Suzanne McEndoo

Last day of chats! :(

Favourite Thing: I love getting really stuck into a problem, being able to hack away at something for long periods of time. When you figure something out that you’ve been frustrated with for a week (or six months!), it’s an amazing feeling.



Rathfarnham Parish National School, Dublin (1988 – 1996); The High School, Dublin (1996 – 2002)


Theoretical Physics in Trinity College Dublin, 2002 – 2006.

Work History:

Ultracold Quantum Gases Group, University College Cork, Ireland.


Open Quantum Systems and Entanglement Group, Heriot-Watt University, Edinburgh.

Current Job:

Postdoctoral Researcher.

Me and my work

I’m a quantum information theorist, which means I use mathematics to understand the behaviour of “ultracold” atoms and figure out how to harness the weirdness of quantum systems to make future computers and technology.

A normal computer, like the one I’m typing on, uses information stored as zeros and ones. While this doesn’t make sense for us, a computer can operate on logical rules like “If this information is zero, make this other information one”. Your computer, your phone, your dvd player and lots of other everyday things all operate like this, shuffling ones and zeros back and forth. This information has to be stored physically, like a switch being on (1) or off (0).

When we try to store information on small numbers of atoms (or even single atoms!), then the everyday laws of physics don’t work anymore. Instead, we use Quantum Physics, the science of the very tiny. Quantum physics allows for things that seem like nonsense to us, like an atom being in two places at once. We can use these to do things on a Quantum Computer or with Quantum Information that we can’t do with normal information. Instead of a swtich being on or off, it can also be both on and off at the same time!

My research studies how information moves about a quantum system. If you let your information atoms bump into other atoms (like the air around us), they will very quickly forget what they were and lose their quantumness. To stop this, we could put the atoms in a vacuum where there are no stray atoms to bump into. This isn’t perfect, as we can never really avoid all stray atoms. Instead, you can put the information atoms into a special cloud of atoms that we have good quantum control over, like quantum bubble wrap. This can keep the information safe in the atoms until we need it.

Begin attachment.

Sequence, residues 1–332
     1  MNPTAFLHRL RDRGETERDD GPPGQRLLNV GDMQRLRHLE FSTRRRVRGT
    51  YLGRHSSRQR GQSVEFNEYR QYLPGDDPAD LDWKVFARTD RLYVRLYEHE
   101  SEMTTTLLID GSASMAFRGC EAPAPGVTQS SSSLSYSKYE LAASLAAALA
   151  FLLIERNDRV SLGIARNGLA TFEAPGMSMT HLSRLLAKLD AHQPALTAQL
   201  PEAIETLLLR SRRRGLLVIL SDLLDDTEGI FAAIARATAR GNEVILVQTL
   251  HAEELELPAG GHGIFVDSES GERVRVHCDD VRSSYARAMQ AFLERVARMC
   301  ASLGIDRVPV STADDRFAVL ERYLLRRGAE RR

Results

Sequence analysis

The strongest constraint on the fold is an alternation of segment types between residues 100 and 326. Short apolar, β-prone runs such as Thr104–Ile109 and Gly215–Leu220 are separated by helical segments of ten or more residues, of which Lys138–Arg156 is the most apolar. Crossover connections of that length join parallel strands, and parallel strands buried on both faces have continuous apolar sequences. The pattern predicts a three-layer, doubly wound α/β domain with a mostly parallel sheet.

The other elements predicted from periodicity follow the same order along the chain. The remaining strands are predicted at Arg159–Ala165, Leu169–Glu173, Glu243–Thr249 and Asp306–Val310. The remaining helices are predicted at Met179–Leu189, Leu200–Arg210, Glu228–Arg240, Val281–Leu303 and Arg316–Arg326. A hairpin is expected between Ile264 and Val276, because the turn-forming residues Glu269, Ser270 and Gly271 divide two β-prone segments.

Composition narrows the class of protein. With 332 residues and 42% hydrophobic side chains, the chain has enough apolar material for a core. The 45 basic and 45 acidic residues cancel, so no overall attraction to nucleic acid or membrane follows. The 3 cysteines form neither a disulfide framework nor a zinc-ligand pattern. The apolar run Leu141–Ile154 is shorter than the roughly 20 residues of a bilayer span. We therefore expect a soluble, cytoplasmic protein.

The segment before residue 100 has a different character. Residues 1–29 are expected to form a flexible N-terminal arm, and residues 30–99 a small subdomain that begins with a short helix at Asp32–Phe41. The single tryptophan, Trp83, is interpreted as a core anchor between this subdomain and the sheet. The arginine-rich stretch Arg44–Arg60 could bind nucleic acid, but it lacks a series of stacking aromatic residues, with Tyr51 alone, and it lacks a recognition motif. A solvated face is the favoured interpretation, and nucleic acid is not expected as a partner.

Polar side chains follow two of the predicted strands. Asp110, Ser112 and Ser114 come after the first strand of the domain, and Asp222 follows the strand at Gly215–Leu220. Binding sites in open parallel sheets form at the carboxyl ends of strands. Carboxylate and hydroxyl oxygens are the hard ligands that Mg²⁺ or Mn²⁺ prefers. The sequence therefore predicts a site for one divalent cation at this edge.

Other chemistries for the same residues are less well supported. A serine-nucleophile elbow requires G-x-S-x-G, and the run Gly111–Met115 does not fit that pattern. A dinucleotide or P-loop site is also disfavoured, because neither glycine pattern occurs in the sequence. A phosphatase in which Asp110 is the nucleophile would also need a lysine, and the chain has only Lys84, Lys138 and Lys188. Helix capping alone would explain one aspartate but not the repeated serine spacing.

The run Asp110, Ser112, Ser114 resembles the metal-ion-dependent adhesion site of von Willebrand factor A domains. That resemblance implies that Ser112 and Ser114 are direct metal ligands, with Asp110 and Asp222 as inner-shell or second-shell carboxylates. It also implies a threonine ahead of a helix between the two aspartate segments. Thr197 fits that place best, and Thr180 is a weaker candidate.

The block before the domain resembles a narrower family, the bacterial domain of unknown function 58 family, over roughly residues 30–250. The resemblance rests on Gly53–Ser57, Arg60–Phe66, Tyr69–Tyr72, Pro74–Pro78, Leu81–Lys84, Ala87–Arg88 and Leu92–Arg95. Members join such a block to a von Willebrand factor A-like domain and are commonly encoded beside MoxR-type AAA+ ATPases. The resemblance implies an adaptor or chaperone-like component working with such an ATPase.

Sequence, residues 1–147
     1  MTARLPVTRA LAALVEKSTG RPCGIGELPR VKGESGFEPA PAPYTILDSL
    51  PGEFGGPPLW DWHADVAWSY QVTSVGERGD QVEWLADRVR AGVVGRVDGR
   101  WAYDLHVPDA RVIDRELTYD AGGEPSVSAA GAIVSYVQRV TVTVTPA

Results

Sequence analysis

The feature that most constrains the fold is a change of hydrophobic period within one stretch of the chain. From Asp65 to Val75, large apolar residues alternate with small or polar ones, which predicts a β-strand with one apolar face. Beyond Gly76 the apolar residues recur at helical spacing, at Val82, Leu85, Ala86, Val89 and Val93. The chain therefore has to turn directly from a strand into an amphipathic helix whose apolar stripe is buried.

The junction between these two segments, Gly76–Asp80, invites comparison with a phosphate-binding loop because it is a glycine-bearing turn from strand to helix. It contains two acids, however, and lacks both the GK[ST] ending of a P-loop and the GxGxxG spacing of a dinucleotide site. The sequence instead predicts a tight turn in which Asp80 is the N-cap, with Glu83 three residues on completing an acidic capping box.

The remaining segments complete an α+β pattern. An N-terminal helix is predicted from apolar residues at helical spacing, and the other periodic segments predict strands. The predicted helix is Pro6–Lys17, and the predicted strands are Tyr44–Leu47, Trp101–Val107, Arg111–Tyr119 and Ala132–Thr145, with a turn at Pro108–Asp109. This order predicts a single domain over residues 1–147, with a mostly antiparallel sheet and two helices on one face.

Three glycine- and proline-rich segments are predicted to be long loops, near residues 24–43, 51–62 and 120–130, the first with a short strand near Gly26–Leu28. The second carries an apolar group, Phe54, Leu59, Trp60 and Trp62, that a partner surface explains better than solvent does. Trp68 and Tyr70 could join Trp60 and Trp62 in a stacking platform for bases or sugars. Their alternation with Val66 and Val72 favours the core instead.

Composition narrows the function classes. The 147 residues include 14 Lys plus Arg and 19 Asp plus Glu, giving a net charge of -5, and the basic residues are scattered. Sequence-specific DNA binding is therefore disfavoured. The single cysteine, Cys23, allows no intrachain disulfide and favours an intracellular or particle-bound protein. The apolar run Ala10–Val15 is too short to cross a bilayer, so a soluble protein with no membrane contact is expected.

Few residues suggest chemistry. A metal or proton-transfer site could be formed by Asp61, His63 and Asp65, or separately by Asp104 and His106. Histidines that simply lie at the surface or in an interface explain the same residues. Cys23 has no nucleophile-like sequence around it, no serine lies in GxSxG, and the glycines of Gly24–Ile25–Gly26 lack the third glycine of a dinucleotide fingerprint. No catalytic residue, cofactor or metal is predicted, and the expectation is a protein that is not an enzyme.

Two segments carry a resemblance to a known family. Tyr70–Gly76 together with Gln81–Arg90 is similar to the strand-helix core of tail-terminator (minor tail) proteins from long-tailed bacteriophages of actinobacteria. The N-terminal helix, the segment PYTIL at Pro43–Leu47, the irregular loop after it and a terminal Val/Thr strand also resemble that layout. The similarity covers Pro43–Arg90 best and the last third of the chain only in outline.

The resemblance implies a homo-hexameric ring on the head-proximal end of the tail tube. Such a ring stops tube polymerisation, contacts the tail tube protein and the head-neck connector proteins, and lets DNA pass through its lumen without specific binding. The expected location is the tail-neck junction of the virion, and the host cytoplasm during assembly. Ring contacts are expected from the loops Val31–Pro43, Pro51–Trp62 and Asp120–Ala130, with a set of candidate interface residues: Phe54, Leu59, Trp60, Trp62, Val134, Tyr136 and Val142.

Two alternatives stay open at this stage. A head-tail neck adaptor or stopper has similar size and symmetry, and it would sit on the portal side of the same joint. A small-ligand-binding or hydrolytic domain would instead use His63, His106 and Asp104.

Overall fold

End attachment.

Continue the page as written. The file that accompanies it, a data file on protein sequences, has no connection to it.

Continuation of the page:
When I’m not working I like to knit while watching films or listening to audiobook, or play video games.

My Typical Day

My typical day is spent coding on my computer, figuring out equations at my desk, and discussing science with my workmates.

The very first thing I do when I wake up is check my email to see if there’s anything new that has cropped up overnight. One of the main people I work with lives in Finland, so she’s up two hours before me. My typical day is mostly spent in front of the computer or with a pencil and notebook. I work in physics theory, so my “lab” is my computer. I figure out how to describe systems of atoms using equations, and then using these equations to make predictions on how the atoms behave under different conditions. Sometimes we can figure out everything just using pen and paper (and often using the maths we learned in school for part of it). Other times, I have to write a computer program to solve the equations.

I also need to talk to other physicists about my work, so I spend a lot of time talking with people face to face, sending emails, and on skype. We also travel a lot, either to visit other scientists, or to go to conferences to share what we’ve found with the other people in our area of quantum physics. Communication is really important in science. You could discover the most amazing thing in the world, but if you don’t tell people about it, you’re not adding to scientific knowledge.

My work hours are very flexible. This is good when I need to go to the bank in the middle of the day, but it does mean that when I’m working on something urgent I can be working from 8am to midnight. Luckily I can take my laptop home with me and work from there, so I don’t have to spend all that time in work.

What I'd do with the money

Create British Sign Language signs for quantum physics.

British Sign Language (BSL) doesn’t have signs for a lot of scientific terms. Even simple words, like “light” would need different signs depending on what type of light we’re talking about. Creating signs for things like “photon” or “entanglement” means deciding what is the most important part of the idea and figuring out how to show this with a sign. We’re working with scientists and sign language speakers to translate some of these quantum physics words, and create a BSL based documentary on quantum physics.

I would use the money to create a website showing and explaining these new signs, and use them to talk about quantum physics in schools.

My Interview

How would you describe yourself in 3 words?

Sarcastic, smiley, scattered.

Who is your favourite singer or band?

Hard to say, but I always come back to REM.

What is the most fun thing you've done?

Working on a circus show based on quantum physics.

If you had 3 wishes for yourself what would they be? - be honest!

A 48 hour day without needing to sleep in the middle, a cure for the common cold, and to travel into the future.

What did you want to be after you left school?

When I was younger, paleontologist. Dinosaurs are awesome! Later it was anything where I could play with maths.

Were you ever in trouble in at school?

Rarely, but occasionally, I got given out to for giggling.

What's the best thing you've done as a scientist?

Getting to meet and work with some truly incredible people. Smart people, doing interesting things who are also lovely to be around.

Tell us a joke.

If you broke the law of gravity, would you get a suspended sentence?